In addition, my inflammation markers were zero but ULtra sound indicated loads of synovitis.

  • Mine to. Knowing what I know now, I had excellent treatment from the word go & my consultant never made me believe I was wasting his time or that it was all in my head,as others have been told on here.

  • This article may help you better understand sero negative RA. Keeping in mind that doctors may not be so quick to diagnose RA because often enough patients symptoms can change Indicating a different disease. I wish you the best of luck in finding a rheumatologist who keeps an eye on you and sorts it all out quickly.

    rheumatoidarthritis.org/ra/...

  • excellent site, thank-you for sharing.

  • More info on the importance of taking CCP test at first visit.

    medpagetoday.com/resource-c...

  • this is great too

  • I just recently got told my blood test indicated I needed further testing and an appt with RA Dr. I had the CCP test and was told negative. My first blood test had 293 and was told RA normal range is 0-15. So I was way past normal. Two years prior I was at 256. I had a concern and a lot of jount pain. Many times I cannot grab a glass or steering wheel. The list goes on. Now I'm mad i wasted my time and money going for further testing. No one is saying anything about why my numbers could be so high. I have OA, but the tests were different for RA. Hmmmm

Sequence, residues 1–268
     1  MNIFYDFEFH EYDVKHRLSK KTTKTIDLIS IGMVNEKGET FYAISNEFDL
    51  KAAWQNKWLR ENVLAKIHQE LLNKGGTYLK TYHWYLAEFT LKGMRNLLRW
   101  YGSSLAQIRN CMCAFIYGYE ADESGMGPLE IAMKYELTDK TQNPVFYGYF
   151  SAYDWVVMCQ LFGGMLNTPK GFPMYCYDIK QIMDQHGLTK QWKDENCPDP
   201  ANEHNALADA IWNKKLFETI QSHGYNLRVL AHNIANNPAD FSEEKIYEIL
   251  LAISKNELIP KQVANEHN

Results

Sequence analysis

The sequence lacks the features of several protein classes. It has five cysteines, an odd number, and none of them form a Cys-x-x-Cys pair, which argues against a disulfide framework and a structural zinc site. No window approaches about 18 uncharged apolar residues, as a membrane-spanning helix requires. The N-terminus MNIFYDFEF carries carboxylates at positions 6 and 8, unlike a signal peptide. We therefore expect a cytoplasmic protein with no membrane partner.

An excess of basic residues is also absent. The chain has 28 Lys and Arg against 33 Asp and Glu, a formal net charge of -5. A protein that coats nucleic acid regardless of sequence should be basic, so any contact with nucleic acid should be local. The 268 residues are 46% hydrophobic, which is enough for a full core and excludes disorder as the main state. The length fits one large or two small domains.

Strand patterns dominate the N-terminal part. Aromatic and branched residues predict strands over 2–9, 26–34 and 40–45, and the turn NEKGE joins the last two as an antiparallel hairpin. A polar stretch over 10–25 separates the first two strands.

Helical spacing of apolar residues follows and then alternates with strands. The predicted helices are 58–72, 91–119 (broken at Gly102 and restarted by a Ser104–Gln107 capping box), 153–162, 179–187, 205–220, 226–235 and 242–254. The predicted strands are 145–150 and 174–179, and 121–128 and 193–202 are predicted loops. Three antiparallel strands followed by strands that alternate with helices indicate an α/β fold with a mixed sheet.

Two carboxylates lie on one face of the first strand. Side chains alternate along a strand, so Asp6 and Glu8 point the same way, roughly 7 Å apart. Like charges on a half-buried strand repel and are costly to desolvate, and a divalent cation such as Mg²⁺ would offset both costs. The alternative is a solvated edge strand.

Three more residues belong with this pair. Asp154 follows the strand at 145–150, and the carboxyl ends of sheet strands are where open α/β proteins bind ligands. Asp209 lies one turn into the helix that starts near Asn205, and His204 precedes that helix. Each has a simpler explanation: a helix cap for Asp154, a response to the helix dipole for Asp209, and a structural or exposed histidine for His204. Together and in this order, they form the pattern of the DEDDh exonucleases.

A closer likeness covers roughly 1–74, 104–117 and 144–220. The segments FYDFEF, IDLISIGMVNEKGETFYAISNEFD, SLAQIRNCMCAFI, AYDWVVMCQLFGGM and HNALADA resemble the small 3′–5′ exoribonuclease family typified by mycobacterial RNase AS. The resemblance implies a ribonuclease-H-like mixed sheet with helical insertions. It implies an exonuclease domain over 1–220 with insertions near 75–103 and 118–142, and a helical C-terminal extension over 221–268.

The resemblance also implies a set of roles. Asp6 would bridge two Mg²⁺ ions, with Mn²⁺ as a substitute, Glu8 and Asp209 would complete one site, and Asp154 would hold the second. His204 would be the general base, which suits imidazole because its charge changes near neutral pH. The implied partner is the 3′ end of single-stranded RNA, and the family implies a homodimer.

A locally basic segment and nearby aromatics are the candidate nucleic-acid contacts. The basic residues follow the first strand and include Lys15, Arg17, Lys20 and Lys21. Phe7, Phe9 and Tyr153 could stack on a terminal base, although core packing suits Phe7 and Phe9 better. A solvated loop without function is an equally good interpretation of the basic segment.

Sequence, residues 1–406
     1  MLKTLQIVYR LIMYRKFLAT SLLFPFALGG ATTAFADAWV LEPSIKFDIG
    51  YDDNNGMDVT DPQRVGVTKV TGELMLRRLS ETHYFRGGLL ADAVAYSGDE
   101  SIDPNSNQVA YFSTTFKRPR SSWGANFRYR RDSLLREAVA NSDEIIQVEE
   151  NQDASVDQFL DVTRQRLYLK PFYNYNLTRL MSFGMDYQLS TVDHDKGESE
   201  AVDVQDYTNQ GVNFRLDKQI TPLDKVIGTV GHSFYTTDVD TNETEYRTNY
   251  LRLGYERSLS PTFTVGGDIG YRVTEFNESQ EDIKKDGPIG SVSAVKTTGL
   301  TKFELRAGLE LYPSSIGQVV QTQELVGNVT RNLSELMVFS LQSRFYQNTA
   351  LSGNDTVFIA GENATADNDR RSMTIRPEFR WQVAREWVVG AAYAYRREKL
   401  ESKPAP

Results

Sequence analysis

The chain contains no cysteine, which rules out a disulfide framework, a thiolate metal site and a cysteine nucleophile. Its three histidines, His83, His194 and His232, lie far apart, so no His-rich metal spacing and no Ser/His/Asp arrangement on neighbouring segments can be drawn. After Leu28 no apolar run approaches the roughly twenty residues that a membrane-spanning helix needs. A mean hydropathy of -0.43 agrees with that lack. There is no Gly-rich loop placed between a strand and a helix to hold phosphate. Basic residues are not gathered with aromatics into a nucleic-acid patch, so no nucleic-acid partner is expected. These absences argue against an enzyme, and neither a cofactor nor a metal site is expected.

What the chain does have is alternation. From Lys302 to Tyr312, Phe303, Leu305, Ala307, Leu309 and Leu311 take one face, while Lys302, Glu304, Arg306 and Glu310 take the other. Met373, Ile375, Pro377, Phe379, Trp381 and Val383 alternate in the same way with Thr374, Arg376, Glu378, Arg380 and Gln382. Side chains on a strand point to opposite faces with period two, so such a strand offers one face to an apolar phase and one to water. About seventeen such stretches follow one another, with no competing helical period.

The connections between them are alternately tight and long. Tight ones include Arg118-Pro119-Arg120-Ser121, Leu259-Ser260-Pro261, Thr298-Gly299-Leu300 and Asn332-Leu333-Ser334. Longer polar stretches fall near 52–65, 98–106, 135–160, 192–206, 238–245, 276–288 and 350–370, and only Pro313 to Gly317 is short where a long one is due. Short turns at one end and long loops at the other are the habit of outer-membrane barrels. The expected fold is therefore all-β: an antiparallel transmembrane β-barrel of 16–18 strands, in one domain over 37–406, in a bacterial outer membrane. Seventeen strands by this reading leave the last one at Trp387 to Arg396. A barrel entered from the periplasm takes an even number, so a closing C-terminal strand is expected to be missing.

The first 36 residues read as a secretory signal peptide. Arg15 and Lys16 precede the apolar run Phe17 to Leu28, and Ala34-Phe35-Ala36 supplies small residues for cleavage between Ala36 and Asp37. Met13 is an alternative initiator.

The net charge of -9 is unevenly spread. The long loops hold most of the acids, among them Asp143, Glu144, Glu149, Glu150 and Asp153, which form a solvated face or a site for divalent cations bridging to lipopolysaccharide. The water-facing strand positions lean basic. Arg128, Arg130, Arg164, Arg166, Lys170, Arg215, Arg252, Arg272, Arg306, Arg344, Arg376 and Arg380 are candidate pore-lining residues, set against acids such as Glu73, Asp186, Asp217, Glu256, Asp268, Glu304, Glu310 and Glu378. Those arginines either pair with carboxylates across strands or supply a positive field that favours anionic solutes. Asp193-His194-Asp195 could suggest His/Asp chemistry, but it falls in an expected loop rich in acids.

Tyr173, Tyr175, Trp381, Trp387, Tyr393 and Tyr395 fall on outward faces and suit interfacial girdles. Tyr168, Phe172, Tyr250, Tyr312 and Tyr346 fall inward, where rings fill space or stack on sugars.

• The high numbers you are indicating what do they stand for in your blood test?

  • Exvellent question Simba 1992. I'm not sure exactly what the numbers stand for. I was just told my numbers were very high and I can see that. I'll also have to check to see if is an indicator of something else I should know. I have another spot on 4/6.

  • Sounds like you are in a bad situation! I have talked with other patients in the waiting room at my RA's office! That really must be a problem! Your other health issues doesn't make this any better for you! Keep a diary, take photos of any swelling or redness in your joints! A negative lab work does not necessarily mean there isn't a problem! In fact my blood levels where so high that my Rheumatologist told me that was good news and bad news! The bad news was I had this awful disease, the good news was the counts were high enough that he could justify starting out with meds that he would be reluctant to prescribe otherwise! He also told me that many people did not test positive even though their symptoms was very obvious! I hope your rheumatologist is that understanding! If he is not, seek a second opinion! Be sure to get copies of all lab and X-ray reports! Good Luck!